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United Continental appoints acting chief executive

United Airlines aircraft Image copyright Getty Images

United Continental has appointed an acting boss after its chief executive suffered a heart attack last week.

Brett Hart, the airline's general counsel, will take over from Oscar Munoz immediately.

Mr Munoz suffered a heart attack shortly after taking up the role.

The world's second-largest airline is due to report third-quarter results on Thursday, with strong profits expected by analysts.

The chairman, Henry Meyer, said: "Brett has taken on increasing responsibility beyond general counsel over the last few years in the operations and customer-facing areas of the company."

Mr Hart, 46, joined United five years ago from Sara Lee and was previously was a law firm partner and a lawyer for the US Treasury.

The airline did not say how long Mr Munoz would be on medical leave, saying it was "too soon to know the course of treatment and timing of recovery".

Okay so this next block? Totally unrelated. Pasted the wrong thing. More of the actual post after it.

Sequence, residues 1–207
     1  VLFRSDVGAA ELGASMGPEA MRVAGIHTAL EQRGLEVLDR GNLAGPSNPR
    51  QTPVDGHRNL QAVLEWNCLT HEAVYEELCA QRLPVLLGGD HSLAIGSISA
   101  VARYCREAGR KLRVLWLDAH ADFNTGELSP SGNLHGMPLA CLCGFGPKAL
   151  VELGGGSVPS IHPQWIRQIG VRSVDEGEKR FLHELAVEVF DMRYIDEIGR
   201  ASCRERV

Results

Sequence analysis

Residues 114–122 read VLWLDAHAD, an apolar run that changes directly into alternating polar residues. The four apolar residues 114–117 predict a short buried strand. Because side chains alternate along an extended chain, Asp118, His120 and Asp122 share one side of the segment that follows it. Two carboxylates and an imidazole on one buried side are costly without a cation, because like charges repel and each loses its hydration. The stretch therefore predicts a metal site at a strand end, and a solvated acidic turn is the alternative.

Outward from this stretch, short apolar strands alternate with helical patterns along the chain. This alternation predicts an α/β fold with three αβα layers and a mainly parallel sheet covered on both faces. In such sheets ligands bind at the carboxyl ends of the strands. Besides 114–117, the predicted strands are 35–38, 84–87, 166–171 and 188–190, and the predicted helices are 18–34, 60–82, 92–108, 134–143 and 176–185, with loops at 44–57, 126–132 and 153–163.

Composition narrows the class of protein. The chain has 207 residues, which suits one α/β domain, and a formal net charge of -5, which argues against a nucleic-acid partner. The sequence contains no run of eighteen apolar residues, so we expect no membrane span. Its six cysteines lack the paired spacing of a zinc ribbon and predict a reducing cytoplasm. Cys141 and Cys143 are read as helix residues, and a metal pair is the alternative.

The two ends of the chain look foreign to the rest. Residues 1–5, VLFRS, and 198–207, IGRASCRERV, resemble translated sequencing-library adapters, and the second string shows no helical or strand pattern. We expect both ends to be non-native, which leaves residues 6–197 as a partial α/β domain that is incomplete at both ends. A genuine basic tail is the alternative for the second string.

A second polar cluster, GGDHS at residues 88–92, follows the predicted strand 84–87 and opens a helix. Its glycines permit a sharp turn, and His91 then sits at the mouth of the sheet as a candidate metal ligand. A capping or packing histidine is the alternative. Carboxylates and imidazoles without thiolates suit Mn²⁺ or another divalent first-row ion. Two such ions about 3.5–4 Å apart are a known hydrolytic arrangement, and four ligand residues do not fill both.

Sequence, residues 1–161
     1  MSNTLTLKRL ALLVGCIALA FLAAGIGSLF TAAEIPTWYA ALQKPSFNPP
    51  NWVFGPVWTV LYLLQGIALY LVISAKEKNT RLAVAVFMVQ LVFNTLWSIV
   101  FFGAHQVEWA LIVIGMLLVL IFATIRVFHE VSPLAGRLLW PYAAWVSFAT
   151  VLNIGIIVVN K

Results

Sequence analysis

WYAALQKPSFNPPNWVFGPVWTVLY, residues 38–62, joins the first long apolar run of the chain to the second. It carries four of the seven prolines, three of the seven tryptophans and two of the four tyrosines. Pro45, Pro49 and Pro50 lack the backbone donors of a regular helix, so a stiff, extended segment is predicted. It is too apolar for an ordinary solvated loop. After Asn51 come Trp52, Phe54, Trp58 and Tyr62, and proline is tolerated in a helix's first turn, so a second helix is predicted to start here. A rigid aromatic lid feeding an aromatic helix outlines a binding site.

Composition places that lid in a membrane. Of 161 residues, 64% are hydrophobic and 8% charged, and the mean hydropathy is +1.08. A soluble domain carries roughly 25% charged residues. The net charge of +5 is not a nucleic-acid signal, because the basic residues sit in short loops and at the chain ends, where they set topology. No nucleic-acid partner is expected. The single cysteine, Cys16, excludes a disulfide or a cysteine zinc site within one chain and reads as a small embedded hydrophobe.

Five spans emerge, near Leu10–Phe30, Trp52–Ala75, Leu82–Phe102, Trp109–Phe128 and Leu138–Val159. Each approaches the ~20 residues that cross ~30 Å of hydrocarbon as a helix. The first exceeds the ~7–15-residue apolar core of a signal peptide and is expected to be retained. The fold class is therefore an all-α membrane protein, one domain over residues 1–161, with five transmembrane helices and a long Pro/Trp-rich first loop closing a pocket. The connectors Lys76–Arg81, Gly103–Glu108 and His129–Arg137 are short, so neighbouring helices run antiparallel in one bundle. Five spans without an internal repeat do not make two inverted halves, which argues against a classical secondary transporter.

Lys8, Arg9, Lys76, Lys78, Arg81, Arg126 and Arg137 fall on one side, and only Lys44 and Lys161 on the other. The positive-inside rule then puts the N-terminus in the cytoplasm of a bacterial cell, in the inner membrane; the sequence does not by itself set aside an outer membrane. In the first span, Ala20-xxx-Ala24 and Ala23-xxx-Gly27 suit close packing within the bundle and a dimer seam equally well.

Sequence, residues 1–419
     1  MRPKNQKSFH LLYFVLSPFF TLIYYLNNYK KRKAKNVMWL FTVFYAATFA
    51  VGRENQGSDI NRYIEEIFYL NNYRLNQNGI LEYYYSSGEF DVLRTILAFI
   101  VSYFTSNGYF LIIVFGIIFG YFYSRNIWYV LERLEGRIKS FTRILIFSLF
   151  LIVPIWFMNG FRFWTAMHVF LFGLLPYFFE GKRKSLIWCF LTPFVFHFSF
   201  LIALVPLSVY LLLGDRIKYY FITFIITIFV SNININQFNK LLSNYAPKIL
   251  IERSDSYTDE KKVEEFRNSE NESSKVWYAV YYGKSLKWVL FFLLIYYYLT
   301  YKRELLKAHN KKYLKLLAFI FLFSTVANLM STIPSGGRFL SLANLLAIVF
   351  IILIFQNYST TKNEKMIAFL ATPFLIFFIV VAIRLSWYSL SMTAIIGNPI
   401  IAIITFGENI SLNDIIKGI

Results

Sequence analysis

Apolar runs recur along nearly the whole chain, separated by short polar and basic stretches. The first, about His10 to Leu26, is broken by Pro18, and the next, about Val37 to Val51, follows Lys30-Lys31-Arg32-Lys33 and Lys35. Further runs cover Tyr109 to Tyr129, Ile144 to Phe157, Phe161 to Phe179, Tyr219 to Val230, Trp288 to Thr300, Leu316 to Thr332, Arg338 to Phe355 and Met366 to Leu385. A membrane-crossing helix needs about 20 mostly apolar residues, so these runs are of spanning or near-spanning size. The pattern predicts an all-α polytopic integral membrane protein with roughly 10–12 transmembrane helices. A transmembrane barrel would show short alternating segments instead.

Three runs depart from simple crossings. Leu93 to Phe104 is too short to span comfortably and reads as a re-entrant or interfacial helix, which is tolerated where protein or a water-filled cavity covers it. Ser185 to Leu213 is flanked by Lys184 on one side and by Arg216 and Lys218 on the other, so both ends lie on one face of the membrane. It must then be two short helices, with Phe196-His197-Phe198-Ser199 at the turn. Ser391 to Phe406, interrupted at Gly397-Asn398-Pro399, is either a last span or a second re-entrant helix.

Image copyright United Continental
Image caption United boss Oscar Munoz suffered a heart attack last week

The lack of information given about Mr Munoz's condition has attracted criticism.

Vicki Bryan, an analyst for bond research firm Gimme Credit, said that United's statement last week about the chief executive's health was surprisingly sparse and raised more concerns than it answered.

She said that United needed to be more open, "particularly in light of United's substantial management upheaval in recent months".

Mr Munoz took over at United only last month after Jeff Smisek was forced out for allegedly making deals with public officials in New York and New Jersey.

It has been accused of maintaining unprofitable flights that were popular with politicians in return for favourable government subsidies and better airport transit deals.

Merger struggles

Mr Munoz had been appointed chief executive in a bid to clean up the company and deal with a litany of staff and customer complaints.

The company had also struggled under Mr Smisek to merge the operations of the former United and Continental airlines after the two airlines merged in 2010.

United Continental shares have fallen 15% this year and closed on Monday at $56.75, valuing the company at just over $21bn (£13.5bn).

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